My freshmen year, I built a transmission bot that shifted through ratios of 5:3, then 3:5, then 1:7. I didn’t really know a whole lot about VEX at the time, so obviously those ratios aren’t ideal. It used only 2 high strength motors, built mostly of aluminum, and once you shifted through the second gear you could gain a bit more speed in the 1:7 before it topped out on not having enough torque to go any faster. However, there’s no way that the robot would start driving on its own in third gear, and it certainly will not go with a 1:9 and only 2 high strength motors.

**technik3k**#16

@RuizK1 what are the exact rules for the competition?

Are you allowed to use elastics for storing energy?

Do you need to turn or drive in a straight line?

What is the length / shape of the track?

**RuizK1**#17

It’s a straight line drag race. Students are only allowed to use two motors. No elastics. It’s just a 10 meter long track.

**Carter**#18

Based on these guidelines, it seems the fastest gear ratio (probably 5:3 in this case, maybe 1:3), the lightest robot, and the drive with the least friction should win the race comfortably.

**callen**#19

Ya, in that short a distance torque is that much more important. You can’t get going super-fast in such a short distance. Even with about ideal acceleration, you’re limited to about 14 m/s top speed. With only two motors, I’d probably look at multiple gears, but my first gear would be to get more torque, looking toward a maximum acceleration.

**technik3k**#20

There is a whole science devoted to finding the best gear ratios for the race cars and the optimal time to shift gears. There are scientific papers, online calculators, tables, graphs, etc… However, they all apply to vehicles with internal combustion engines and multi-gear transmissions which have totally different power torque curves from what we try to model here.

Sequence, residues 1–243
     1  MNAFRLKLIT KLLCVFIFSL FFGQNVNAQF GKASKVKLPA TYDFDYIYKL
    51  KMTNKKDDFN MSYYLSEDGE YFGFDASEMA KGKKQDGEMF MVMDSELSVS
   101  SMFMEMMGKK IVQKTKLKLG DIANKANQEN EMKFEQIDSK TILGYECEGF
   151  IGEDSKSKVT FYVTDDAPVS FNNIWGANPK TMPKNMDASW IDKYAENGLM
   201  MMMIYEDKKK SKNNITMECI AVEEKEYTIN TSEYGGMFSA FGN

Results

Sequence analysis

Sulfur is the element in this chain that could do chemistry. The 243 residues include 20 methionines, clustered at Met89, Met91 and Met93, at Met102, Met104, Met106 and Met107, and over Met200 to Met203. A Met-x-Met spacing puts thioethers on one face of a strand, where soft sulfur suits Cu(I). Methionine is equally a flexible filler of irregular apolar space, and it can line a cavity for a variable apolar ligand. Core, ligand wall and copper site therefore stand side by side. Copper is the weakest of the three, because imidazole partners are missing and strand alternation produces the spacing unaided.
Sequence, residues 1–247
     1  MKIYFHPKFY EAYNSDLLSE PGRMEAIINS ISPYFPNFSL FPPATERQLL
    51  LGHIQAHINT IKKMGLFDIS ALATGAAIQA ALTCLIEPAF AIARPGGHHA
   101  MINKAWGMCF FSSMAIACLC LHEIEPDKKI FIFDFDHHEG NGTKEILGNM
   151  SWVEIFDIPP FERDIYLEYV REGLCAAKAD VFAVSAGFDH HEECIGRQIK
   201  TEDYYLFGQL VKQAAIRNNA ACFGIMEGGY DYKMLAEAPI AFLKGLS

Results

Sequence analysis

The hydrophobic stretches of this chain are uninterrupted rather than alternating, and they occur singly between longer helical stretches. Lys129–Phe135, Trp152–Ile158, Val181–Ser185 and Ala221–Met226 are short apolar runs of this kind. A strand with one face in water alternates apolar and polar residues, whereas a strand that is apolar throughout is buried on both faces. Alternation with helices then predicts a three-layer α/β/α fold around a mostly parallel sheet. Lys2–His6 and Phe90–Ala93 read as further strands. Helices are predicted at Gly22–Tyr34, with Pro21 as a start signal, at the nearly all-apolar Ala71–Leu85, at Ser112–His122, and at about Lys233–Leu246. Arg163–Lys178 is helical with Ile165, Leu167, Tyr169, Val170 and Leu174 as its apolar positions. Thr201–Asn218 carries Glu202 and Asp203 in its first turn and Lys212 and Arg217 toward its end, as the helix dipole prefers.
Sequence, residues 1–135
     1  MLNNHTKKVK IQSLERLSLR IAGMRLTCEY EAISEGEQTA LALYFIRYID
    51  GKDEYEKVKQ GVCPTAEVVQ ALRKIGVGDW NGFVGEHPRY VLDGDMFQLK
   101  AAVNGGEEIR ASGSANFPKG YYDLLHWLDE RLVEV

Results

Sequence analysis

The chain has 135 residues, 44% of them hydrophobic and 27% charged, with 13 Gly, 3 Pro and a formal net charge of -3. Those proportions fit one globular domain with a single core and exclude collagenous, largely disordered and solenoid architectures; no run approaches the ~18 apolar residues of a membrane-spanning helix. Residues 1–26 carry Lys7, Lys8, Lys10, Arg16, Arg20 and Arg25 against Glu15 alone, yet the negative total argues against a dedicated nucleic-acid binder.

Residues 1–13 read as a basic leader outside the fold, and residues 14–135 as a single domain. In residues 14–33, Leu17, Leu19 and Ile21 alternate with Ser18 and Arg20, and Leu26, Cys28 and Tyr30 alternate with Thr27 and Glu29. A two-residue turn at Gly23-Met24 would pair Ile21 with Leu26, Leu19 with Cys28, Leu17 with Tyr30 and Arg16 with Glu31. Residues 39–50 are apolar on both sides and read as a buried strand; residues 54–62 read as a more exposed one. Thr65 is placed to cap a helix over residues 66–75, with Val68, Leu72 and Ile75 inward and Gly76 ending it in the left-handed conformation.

Electric motor has a limit of maximum power it could provide and by choosing the gear ratio you could either maximize the torque or the velocity you get from it, but their product is limited P= τ*ω

Lets try to find the optimal gear ratio that will give you the fastest time to cover the distance S.

First, the vehicle accelerates during time t1, up to the maximum velocity Vmax, then it takes additional time t2 to reach its destination at constant speed. The shaded area on the graph corresponds to the total distance vehicle covers. The slope of the first step corresponds to the acceleration of the vehicle. Effective force out of drivetrain minus the force of friction goes to accelerate vehicle of the mass m according to Newton’s law F=m*a. Note that Vmax is always less than Vidle that you would get if there were no friction.

Since by picking optimal gear ratio you can choose between max speed and max torque (force) we need to find the optimal ratio between t1 and t2 to minimize total time it takes to cover distance S.

According to my calculations (which you should definitely check, because I could have made a mistake) the total time of the trip Ttotal = t1+t2 = (m*Vmax^2)/(2P) + S/Vmax. If you plot both components on the graph you could see that minimum travel time time corresponds to some value of Vmax = Voptimal. My guess is that vehicle needs to accelerate for the first 30-50% of the trip and then drive at that constant speed Vmax. Exact values would depend on the distance S and amount of the friction in the drivetrain and the mass of the vehicle.

Another important note is that as the vehicle accelerates you don’t want to sent max power to the motors right away, because they will overheat PTC and lose power before reaching the destination. Instead you want to apply a slew rate control by gradually increasing the motor power. For example, in 10 power unit increments per step. Where optimal time of the step could be determined experimentally.